Wednesday, 16 February 2011
King Edward I of England invades Wales
Llywelyn, Prince of Gwynedd and of Wales, had always resented the power of the English and the way they occupied most of Wales. His great rebellion of 1258 drove the English out and united most of Wales. But in 1274 Prince Llywelyn went too far. He refused to attend the coronation of King Edward I of England. Edward never forgot the insult and when Llywelyn tried to marry a wealthy English heiress, he struck.
The ship carrying the bride to Wales was attacked and seized by English ships, and the hapless girl brought to Edward’s court as a prisoner. Llywelyn raised his armies and marched into Cheshire, burning and pillaging as he advanced. Edward, however, was ready and soon drove the Welsh back into the mountainous Snowdonia. By the autumn of 1277 Llywelyn was starving and abandoned by most of his men. He surrendered.
In the circumstances, Edward was generous. He allowed Llywelyn to remain as Prince of Gwynedd, though the Welshman was tripped of his other lands and had to promise to pay an annual tribute. Edward made his mistake in the question of law when he imposed English laws on Wales in place of the honoured laws of Hywel Dda. The Welsh resented the move and their resentment grew with time. Welshmen behaving, as they thought, perfectly legally suddenly found themselves hauled up before an English judge.
In 1282 Llywelyn led another great rebellion, like that of 1258. Men flocked to his banner form all over Wales and he led them to the walls of Chester. But times had changed in 30 years and this time the rebellion ended in disaster. By the following summer the Welsh were once again shut up in Snowdonia. When Llywelyn tried to break out and race to Brecon to raise new forces, he was cut off by English forces and killed. His brother, Dafydd, tried to continue the war but he was quickly captured and executed.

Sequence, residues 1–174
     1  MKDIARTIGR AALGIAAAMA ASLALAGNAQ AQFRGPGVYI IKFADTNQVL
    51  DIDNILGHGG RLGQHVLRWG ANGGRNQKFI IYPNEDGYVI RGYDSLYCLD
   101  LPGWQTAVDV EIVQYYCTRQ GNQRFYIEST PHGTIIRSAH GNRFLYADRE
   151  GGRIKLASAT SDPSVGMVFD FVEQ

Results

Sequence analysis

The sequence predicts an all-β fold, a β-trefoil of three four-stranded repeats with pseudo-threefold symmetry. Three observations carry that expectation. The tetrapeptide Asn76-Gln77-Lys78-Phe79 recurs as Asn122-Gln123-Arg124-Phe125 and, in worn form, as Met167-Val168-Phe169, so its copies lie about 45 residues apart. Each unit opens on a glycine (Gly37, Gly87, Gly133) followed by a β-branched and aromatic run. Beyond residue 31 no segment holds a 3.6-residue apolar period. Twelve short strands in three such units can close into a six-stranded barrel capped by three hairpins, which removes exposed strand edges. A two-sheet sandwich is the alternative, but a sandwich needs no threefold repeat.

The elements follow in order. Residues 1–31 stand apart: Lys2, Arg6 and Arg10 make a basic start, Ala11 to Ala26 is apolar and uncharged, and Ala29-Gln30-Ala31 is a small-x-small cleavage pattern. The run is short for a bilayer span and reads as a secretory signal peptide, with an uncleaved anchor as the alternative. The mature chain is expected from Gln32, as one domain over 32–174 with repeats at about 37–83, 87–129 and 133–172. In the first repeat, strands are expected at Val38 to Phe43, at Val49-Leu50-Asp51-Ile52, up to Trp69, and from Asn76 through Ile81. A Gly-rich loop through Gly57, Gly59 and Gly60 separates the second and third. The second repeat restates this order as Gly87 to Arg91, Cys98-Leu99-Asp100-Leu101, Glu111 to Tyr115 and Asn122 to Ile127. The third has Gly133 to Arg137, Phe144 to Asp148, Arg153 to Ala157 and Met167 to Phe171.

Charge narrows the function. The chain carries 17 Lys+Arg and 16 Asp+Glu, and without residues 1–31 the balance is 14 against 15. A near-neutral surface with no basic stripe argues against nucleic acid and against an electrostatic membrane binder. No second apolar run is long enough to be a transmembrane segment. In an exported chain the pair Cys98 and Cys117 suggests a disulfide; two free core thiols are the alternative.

This time Edward decided to treat the Welsh more leniently, while takin greater care of military matters. He still insisted that English laws should be enforced, but now he appointed Welshmen to be judges and government officials with instructions to introduce the new laws gradually and with tact. At the same time Edward began the construction of the might fortresses which still dominate many Welsh towns. Beaumaris, Caenavon and Conway castles were built to ring the lands of Snowdonia, for so long the centre of resistance to the English.
Finally, Edward decided to reinstate the office of Prince of Wales, but this time giving the job to somebody he could trust. Legend has it that the Welsh demanded Edward give them a Prince who was born in Wales and who could not speak English. Edward readily agreed, and the Welsh chiefs must have congratulated themselves for gaining a victory. But then Edward presented them with his own baby son, born in Wales and unable to speak English as he was only a few months old.
Whether or not the tale is true, the young prince was crowned Prince of Wales in 1301, by which time he was old enough to begin his education in the arts of government. Although there would be future uprisings by the Welsh, the new settlement worked out reasonably well. The combination of tact and military might used by Edward after 1284 ensure that peace at last came to the Welsh Marches.
An extract from 200 Events that shaped British History